Building Mahjong

Published December 15th, 2021

As the boredom of quarantine sets in, I embarked on a project to build multiplayer Mahjong as a web app so I can play with my friends. Read about the rules, my design, and some challenges of the implementation!

Contents

  1. Introduction
  2. How is Mahjong Played?
  3. Design and Implementation
  4. Conclusion

Introduction

Mahjong is a tile-based game originating in 19th-century China. It's played with 4 players, and is highly strategic. Somewhere down the line, a Solitaire-based version of the game emerged, involving a single player selecting identical uncovered tiles to take them off the board. It was surprisingly difficult to find a good online version of the traditional game. Everywhere I search, I find Mahjong Solitaire. Thus, I set out to build it myself.

How is Mahjong Played?

There are countless variations of Mahjong, so my explanation of the rules is bound to upset at least some portion of the Mahjong community. I will talk about a simple variation that I play and have implemented. I will also only discuss the "practical" aspects of the game, and not any of the complicated formalities in dealing and shuffling.

Tiles

Standard Mahjong tiles. Mahjong tiles by Cangjie6 is licensed under CC BY-SA 4.0.

There are a total of 136 tiles, divided among 5 suits. The dots, characters, and bamboo suits have 9 ranks each, with 4 identical tiles for each rank. The dragon and wind suits have 3 and 4 types of tiles, respecticely, with each type having 4 identical tiles. There are more special tiles used in other variations of Mahjong; check out this page to learn more.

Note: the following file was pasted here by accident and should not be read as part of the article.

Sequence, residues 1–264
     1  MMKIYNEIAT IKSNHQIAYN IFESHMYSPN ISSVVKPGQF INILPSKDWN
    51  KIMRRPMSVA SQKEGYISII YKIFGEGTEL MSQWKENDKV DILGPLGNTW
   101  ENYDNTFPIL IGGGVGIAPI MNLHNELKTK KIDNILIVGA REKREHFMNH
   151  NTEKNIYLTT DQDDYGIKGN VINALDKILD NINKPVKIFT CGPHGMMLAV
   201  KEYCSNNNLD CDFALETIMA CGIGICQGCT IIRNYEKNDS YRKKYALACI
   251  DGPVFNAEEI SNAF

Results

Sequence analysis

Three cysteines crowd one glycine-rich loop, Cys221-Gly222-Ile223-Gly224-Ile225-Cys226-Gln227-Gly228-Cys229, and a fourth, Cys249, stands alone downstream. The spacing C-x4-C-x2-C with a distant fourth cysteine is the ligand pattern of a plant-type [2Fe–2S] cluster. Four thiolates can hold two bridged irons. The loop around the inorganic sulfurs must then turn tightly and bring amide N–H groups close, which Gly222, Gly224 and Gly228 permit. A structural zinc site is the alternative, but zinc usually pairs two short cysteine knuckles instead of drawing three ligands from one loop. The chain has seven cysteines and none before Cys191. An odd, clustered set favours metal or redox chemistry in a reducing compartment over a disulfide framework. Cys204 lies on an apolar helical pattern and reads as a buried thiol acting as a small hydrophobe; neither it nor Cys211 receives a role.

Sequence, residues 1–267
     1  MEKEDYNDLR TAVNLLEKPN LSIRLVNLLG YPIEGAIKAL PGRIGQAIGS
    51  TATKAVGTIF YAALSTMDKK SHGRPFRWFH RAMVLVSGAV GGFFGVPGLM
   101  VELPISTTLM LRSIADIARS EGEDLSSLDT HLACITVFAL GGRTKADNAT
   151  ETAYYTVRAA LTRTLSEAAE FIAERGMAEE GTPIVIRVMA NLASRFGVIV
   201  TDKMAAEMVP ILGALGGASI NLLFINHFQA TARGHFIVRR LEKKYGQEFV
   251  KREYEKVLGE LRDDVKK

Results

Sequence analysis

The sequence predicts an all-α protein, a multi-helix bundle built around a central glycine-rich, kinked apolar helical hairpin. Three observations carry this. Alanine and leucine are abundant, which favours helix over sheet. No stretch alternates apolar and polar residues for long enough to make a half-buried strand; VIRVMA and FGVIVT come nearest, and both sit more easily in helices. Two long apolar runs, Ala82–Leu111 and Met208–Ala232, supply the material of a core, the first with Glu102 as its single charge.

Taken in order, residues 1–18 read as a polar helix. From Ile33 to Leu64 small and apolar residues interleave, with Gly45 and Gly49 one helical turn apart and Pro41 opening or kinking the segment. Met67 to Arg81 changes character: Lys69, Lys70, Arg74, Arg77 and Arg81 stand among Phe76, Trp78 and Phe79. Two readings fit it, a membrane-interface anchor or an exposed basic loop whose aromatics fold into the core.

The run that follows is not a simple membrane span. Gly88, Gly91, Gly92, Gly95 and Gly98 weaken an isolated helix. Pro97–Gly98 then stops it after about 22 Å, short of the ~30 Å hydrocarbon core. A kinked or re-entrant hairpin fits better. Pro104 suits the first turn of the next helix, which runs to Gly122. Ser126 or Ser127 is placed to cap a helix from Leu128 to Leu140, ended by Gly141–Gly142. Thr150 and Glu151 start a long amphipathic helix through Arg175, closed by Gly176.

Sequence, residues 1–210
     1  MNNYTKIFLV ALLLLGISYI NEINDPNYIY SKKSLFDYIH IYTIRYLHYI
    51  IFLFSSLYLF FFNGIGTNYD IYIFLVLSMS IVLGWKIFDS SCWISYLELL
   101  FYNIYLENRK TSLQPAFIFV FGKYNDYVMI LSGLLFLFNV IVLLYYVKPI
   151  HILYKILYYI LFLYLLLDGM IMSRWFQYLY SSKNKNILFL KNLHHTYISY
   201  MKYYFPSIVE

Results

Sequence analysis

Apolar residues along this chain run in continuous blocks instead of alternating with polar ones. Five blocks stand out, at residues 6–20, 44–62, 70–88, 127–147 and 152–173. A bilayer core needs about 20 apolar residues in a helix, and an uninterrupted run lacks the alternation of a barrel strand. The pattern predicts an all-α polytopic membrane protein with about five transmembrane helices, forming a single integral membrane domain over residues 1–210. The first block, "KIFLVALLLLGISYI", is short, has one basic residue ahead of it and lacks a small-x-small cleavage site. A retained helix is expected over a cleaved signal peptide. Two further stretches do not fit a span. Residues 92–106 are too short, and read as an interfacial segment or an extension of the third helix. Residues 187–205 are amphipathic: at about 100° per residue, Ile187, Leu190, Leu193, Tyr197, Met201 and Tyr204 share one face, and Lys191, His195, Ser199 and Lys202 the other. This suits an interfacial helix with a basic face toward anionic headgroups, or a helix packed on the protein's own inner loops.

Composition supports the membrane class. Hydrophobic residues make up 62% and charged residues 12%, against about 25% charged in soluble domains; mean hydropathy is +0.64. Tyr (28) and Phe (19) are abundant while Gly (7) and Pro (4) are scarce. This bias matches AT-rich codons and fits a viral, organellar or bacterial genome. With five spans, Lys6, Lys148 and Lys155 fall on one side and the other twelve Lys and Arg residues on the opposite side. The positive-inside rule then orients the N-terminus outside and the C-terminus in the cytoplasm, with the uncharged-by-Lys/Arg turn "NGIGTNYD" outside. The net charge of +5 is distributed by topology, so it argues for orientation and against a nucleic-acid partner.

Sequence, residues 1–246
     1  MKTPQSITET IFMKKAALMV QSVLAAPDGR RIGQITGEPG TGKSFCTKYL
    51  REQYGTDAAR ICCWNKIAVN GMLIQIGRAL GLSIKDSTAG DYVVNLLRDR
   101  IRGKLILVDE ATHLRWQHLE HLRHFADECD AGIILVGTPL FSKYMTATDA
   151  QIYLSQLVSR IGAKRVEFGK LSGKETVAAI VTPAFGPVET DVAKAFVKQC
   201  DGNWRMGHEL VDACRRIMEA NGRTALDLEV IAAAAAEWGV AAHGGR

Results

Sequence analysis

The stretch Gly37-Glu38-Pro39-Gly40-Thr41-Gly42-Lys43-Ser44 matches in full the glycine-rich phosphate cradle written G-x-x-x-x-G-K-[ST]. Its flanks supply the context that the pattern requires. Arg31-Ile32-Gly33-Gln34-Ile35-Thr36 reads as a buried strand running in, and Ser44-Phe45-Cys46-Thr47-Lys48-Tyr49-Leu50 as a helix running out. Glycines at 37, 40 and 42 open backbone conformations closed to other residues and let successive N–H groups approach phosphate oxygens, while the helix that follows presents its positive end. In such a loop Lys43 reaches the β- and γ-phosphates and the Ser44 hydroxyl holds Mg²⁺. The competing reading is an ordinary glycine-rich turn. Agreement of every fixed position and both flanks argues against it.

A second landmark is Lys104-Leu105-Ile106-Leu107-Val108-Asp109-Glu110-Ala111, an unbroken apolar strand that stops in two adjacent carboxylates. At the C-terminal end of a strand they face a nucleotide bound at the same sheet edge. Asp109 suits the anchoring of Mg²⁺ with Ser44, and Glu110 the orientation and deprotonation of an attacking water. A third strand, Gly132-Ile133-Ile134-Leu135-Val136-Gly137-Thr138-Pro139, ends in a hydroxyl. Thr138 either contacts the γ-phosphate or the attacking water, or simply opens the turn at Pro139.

Rules

Mahjong is a turn-based game, with the turn going counter-clockwise. There is an intricate (dare I say, superstitious) shuffling process that I won't go into. A hand is 13 tiles, initially completely concealed. During a player's turn, they draw a tile from the "wall" (deck), and discard one of their choice. The goal is to obtain certain combinations of tiles, called melds.

Melds. Left: pong, right: chow (5, 6, 7).

3 identical tiles forms a pong. 3 tiles of the same suit in consecutive rank forms a chow. Note that dragon and wind suits cannot create chows since those tiles don't have ranks. Finally, 2 identical tiles forms a pair.

The objective of the game is to create a hand with 4 chows/pongs and 1 pair with 14 tiles. In many variations, players can also win with 7 pairs, though this is incredibly rare and is not something I included in my implementation. Notice that because a hand is 13 tiles, players must draw or "steal" a tile to complete a winning hand.

A winning hand. From left to right: chow (5, 6, 7 characters), chow (4, 5, 6 dots), chow (3, 4, 5 dots), pair (4 bamboo), chow (4, 5, 6 bamboo).

Stealing is an integral part of the game. Players can "steal" the discarded tiles from other players if they can create a chow/pong/win by stealing that tile. The stealing player must expose the created meld or victory. Exposed tiles cannot be discarded afterwards.

Since multiple steals may be possible by different players for any discard, there is an order of priority.

  1. Win: stealing to win has highest priority
  2. Pong: since it requires 3 identical tiles and there are only 4 of each tile, there can only be 1 pong for any discard.